As one of the most iconic mountaineers of the 1970s, the Mountain Heritage Trust was delighted to finally bring Pete Boardman’s almost 10,000 strong slide collection under one roof. Working with the Boardman family and the Chris Bonington Picture Library, the extensive slide collection was donated to the Trust in 2017, with Pete’s papers and personal material following in 2018. All this is now stored in our archive at the Blencathra Field Studies Centre.
Two of our volunteers, Sue and Sheila, began cataloguing the slides in February 2018 and discovered just how extensive the collection is. Beginning in 1965 until Pete’s death on Everest in 1982, the slides document many of his high profile expeditions to the greater ranges; Hindu Kush in 1972, the South West Face of Everest in 1975, Changabang in 1976, K2 in 1978, Kangchenjunga in 1979, Kongur in 1981 and Everest in 1982. The slides are a unique insight in to one of the most significant periods in British mountaineering history, at a time when new lightweight approaches to the Greater Ranges were being pioneered. Yet as well as these international expeditions, the images are a unique snapshot of 1970s climbing life, with UK crags such as the Wye Valley and Alpine trips in 1974 and 1977; as well as the Caucaus, Tatras, Corsica and Australia all pictured. Access to the collection can be requested by getting in touch through the website.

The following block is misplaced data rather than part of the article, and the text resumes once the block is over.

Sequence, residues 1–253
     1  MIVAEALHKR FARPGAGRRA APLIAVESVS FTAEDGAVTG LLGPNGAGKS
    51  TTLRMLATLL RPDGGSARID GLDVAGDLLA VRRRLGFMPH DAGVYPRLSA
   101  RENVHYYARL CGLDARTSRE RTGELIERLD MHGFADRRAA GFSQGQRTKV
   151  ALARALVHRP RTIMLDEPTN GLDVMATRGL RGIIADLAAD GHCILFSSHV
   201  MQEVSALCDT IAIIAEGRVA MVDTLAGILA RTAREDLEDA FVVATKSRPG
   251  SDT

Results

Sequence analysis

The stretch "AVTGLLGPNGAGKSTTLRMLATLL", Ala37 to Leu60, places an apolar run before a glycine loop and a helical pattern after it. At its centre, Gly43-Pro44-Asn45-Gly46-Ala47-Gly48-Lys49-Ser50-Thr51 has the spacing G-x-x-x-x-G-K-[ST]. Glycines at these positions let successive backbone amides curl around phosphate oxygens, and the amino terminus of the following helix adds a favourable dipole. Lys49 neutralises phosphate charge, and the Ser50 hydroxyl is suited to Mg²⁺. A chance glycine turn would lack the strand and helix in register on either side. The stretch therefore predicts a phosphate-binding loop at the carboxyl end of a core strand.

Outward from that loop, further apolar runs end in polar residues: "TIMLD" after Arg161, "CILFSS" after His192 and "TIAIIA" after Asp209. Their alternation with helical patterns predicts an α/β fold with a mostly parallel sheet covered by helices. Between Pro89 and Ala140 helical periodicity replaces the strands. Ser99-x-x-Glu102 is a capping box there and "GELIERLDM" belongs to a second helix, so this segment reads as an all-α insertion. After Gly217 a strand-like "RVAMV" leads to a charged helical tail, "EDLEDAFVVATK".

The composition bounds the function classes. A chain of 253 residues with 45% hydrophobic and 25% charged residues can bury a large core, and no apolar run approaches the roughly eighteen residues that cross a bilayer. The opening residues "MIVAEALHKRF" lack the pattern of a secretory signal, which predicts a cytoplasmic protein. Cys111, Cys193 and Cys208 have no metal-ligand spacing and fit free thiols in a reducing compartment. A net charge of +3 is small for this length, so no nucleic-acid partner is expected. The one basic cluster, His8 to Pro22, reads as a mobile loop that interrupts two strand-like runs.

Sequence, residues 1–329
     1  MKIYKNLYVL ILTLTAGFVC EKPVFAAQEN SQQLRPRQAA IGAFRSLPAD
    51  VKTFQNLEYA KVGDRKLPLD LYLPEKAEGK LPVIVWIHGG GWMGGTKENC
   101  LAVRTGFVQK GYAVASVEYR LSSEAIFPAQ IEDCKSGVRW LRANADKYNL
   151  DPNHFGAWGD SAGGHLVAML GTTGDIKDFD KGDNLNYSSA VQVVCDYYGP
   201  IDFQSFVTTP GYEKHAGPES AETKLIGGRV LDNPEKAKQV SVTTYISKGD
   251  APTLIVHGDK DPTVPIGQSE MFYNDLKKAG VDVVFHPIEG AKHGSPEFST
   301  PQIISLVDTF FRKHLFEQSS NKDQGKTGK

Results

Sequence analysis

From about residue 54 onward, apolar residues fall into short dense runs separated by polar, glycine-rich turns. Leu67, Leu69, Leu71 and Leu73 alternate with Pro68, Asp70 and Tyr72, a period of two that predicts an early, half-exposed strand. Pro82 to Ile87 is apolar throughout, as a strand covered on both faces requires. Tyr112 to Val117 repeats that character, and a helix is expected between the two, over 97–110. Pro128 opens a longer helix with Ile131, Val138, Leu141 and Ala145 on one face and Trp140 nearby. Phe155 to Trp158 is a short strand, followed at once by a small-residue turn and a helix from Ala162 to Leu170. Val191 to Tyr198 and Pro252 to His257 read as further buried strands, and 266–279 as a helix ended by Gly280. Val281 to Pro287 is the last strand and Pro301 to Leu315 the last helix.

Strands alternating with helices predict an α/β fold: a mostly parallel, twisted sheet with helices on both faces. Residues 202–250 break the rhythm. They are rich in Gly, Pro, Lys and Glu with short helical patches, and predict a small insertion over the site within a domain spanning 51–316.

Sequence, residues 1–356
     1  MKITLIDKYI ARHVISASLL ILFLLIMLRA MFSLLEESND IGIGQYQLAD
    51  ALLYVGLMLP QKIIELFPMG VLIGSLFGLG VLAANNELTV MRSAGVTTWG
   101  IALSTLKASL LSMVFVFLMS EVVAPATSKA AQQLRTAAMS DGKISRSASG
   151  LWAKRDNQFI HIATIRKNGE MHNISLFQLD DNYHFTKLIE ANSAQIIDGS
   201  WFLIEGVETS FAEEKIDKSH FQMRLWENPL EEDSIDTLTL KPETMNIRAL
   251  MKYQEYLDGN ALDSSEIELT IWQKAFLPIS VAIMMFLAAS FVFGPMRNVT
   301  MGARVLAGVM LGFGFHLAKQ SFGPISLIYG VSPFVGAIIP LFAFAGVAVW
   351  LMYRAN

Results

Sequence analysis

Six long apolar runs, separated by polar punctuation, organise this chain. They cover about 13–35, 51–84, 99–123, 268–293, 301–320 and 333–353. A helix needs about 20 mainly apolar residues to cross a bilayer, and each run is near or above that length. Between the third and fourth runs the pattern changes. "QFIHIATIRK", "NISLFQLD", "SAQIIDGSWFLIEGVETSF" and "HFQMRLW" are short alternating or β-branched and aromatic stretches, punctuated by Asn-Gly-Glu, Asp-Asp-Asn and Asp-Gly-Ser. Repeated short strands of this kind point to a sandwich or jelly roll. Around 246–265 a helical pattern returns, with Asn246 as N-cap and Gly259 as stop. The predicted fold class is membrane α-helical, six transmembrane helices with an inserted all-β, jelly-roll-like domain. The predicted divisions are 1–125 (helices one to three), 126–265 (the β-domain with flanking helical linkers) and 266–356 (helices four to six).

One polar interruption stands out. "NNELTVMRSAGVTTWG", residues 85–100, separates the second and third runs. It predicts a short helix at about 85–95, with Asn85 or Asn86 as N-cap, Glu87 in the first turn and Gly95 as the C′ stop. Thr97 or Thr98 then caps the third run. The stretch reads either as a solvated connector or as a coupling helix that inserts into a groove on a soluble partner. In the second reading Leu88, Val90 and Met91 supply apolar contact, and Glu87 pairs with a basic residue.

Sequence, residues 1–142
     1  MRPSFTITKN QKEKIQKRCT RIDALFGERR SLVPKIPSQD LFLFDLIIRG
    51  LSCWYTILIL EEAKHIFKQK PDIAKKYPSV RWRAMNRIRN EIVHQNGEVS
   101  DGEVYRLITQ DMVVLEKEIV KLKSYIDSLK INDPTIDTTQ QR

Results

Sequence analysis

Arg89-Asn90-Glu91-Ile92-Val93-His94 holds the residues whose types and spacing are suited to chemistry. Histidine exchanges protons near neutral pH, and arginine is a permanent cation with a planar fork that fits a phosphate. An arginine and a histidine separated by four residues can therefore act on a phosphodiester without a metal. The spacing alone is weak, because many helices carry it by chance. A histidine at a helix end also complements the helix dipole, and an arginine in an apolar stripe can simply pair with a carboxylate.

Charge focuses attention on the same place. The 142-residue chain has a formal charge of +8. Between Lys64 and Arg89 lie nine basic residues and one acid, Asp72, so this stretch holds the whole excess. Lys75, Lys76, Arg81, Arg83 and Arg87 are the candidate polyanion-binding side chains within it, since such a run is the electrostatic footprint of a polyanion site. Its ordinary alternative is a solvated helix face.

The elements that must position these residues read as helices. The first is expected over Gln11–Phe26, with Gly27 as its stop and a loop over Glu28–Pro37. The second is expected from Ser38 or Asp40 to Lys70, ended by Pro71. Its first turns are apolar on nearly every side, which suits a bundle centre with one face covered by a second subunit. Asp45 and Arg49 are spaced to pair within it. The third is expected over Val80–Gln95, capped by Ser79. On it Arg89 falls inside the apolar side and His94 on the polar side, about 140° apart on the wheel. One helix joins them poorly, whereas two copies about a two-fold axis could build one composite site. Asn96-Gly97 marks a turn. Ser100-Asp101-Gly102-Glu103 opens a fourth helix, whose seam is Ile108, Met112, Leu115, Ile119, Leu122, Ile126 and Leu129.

The Mountain Heritage Trust would like to extend their sincere thanks to both the Boardman family and our volunteers for ensuring that this valuable archive is preserved for the years ahead. With the slides organised, work is now beginning on re-boxing the slides in specialist archive boxes and our thanks go to the Boardman Tasker Charitable Trust who have paid for these.
Currently showing until Christmas are four paintings by Alpine Club member Julian Cooper that have not been seen before in the UK. They are part of a joint show called ‘Fire and Ice’ at Michael Richardson’s Art Space Gallery. Only shown before at Turin is a huge close-up of the upper part of the Eiger North Face that is a masterpiece of intimidation through a combination of detail and gravity. Counter-balancing this are three new portraits of Alpine peaks first climbed by members of the Alpine Club. The Weisshorn towers against a sky of graded depth; the bulk of the Dent Blanch is all ribs and ridges; the last alpenglow on Monte Rosa is a sideshow to a bowl of complex light and shadow. It is a mark of the maturity of these smaller works that deft subtleties are achieved by remarkably thick brushstrokes.